So you’ve learned the rule of thirds, and you know to look for contrast and leading lines in your scene. You’re aware of depth of field and use the aperture to control it; sometimes you set the shutter speed slow to blur out moving objects. You’ve played with texture and perspective. You know how to compose a decent picture, but you’d really like to be able to add that je-ne-sais-quoi, that extra impact to really make it stand out. In this article we’ll discuss a few advanced photography composition techniques that can help you get your next leg up on the path to great images.
Know Your Intention
Something that is too rarely discussed is the benefit of having a clear idea of what your picture is saying. That isn’t to say that every picture should be pre-planned; a clear idea can be just as spontaneous as a shutter snap, and doesn’t have to be articulated into words. You express whatever it was that made want to take the photograph in the first place. If you’re aware of what it is that you want to pass on to your viewer, you will be more ready to create a composition that speaks to its audience.
The Eye’s Movement
When setting up a photo, it’s good to be aware of how your eye moves around the frame. The human gaze naturally travels in a circular motion, but can be directed elsewhere by strong lines and contrast. Notice your major points of interest and how you can line them up to create a harmonious path for the eye to travel around.
The Golden Mean
This circular shape that is so natural is actually more akin to the spiral seen above. This is called the Fibonacci spiral for its Renaissance-era creator, Leonardo Fibonacci – it is also known as the golden spiral. It is a function of the golden ratio, which is a pattern that occurs all throughout nature; from the growing of a leaf, to animal biology, to the swirling of weather patterns and of galaxies, it is the mathematical equation for perfect, universal harmony. And you can use it to compose your photographs.
The shape and size of the spiral will change depending on the dimensions of your frame, so it is not as easy to imagine as the rule of thirds. Still, if you familiarize yourself with its shape, you can pretty accurately frame an image with it in mind.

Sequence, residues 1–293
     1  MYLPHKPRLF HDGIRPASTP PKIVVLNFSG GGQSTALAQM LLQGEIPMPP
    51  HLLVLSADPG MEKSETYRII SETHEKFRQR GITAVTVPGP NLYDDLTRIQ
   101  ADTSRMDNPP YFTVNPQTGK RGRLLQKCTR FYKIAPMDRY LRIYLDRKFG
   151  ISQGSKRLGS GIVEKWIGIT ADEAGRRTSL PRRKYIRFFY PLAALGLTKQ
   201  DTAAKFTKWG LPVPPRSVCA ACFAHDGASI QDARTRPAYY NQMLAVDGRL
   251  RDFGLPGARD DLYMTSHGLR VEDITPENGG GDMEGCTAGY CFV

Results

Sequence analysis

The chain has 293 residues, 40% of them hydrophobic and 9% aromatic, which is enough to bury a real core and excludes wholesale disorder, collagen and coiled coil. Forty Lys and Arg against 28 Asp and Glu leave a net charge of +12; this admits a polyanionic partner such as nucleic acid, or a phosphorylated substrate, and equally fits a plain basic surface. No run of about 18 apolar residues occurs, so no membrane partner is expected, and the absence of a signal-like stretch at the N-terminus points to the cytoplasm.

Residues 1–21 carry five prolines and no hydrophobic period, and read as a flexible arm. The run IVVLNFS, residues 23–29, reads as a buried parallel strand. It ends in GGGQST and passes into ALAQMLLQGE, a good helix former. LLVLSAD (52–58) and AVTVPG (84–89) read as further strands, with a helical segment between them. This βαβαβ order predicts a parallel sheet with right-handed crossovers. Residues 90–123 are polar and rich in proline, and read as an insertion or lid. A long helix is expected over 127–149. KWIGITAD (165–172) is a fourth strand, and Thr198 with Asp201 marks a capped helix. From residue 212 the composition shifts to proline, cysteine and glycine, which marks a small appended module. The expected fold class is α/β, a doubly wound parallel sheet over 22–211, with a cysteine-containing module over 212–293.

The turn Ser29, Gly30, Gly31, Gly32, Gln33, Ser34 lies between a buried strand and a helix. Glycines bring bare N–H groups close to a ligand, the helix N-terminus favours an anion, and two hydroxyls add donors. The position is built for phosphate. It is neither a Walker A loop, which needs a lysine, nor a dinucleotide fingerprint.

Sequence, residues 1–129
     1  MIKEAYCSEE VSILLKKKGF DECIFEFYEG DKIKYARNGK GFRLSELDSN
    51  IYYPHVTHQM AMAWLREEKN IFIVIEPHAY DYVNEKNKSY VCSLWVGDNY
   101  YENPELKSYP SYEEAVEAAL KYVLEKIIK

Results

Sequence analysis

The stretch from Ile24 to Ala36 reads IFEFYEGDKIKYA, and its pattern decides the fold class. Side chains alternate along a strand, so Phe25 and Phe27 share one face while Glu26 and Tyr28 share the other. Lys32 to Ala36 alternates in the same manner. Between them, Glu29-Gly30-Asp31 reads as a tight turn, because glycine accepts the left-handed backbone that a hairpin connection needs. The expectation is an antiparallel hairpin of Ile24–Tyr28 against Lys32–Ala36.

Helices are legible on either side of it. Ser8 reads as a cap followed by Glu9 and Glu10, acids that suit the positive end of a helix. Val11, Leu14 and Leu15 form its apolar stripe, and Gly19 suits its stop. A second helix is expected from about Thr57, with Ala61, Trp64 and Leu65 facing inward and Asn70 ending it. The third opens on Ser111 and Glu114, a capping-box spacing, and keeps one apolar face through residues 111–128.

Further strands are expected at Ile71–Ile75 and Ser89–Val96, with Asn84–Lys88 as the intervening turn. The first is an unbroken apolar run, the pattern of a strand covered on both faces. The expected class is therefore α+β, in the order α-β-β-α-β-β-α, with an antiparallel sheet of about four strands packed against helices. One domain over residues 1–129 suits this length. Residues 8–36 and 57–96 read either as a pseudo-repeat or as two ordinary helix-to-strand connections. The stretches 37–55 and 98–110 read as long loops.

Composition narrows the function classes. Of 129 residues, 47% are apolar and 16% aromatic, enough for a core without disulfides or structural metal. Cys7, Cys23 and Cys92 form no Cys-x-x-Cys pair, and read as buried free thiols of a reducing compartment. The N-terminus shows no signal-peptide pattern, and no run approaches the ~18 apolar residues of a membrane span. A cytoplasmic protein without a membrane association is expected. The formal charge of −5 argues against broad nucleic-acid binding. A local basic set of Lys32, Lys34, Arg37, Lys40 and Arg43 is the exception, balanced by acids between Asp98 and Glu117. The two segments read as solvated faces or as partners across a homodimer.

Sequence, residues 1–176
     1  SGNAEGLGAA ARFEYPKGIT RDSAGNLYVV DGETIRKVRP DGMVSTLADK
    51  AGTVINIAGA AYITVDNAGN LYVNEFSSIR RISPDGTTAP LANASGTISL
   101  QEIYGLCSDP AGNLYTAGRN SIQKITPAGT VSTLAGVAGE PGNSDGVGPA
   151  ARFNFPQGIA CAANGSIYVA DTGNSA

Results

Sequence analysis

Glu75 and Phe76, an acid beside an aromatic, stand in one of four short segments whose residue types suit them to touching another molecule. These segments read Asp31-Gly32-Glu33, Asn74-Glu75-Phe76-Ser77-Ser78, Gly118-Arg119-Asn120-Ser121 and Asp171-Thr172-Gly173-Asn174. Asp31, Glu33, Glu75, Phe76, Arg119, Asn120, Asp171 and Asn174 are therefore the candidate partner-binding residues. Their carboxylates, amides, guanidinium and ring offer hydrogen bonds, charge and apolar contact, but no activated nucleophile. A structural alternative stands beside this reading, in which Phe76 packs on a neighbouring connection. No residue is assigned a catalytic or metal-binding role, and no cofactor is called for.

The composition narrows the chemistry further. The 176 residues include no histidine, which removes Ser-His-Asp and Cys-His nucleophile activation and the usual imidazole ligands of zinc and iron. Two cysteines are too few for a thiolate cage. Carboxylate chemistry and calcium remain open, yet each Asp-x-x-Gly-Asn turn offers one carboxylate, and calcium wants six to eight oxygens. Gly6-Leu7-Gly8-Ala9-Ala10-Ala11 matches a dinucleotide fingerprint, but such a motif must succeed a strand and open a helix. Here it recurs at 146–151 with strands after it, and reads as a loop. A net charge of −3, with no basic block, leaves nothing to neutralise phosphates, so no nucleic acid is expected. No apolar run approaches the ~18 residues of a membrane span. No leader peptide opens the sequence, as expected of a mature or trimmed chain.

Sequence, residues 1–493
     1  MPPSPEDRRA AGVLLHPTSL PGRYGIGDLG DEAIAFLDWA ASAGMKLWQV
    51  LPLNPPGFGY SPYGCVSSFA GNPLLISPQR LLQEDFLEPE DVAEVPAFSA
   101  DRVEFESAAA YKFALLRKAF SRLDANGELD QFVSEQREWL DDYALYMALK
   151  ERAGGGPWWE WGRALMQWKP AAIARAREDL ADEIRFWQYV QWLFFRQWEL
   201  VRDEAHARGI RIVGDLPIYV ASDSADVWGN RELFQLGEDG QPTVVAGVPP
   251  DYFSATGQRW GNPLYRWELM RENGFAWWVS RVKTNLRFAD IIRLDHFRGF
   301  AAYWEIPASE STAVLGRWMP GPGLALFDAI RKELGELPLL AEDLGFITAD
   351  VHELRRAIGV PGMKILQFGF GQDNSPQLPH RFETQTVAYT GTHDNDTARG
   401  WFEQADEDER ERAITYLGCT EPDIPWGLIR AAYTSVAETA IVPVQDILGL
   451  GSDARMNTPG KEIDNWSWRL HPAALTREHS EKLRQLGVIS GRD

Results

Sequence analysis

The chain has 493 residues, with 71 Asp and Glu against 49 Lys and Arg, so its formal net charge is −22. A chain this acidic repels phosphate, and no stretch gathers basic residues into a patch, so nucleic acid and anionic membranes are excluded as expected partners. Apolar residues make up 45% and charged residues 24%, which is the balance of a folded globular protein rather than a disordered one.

The golden ratio has a second application that is actually the basis for the rule of thirds. It dictates that the three vertical and three horizontal lines should be drawn not with a frame division of 1:1:1, but of 1:0.618:1 – this more closely resembles the magical perfect proportion which was used in almost every one of Da Vinci’s paintings, including the Mona Lisa, the Vitruvian Man, and the Last Supper.
What’s In The Image
When composing, be aware of the separation between the background and the foreground, and what these two distinct areas contain. As in a play, upstage and downstage performances tell different parts of the story. Compose for the main subject, which is usually (though not always) in the foreground, then adjust for the detail, or secondary figure. Play with the foreground/background as both complementing and juxtaposing each other.
Once you’ve mastered the hunt for contrasting light, you’ll start to understand the many types of contrast that are out there to see. There are contrasting colours, contrasting shapes, even contrasting ideas that can be represented in a photograph. All of these can be utilized to create negative and positive space, which is the next evolutionary form of contrast. Positive space is the part that contains your subject, while negative space is the emptiness that fills the rest of the frame. Like the dark matter that makes up the universe, these two elements require each other for balance and harmony. How you decide to use these spaces will have a great impact on the feel of your image.
There are always more techniques you can employ to improve your visual communication – it is the essence of photography. There is no way to put it all into a single article, but we hope these few intermediate tips give you a helping hand along your artistic journey.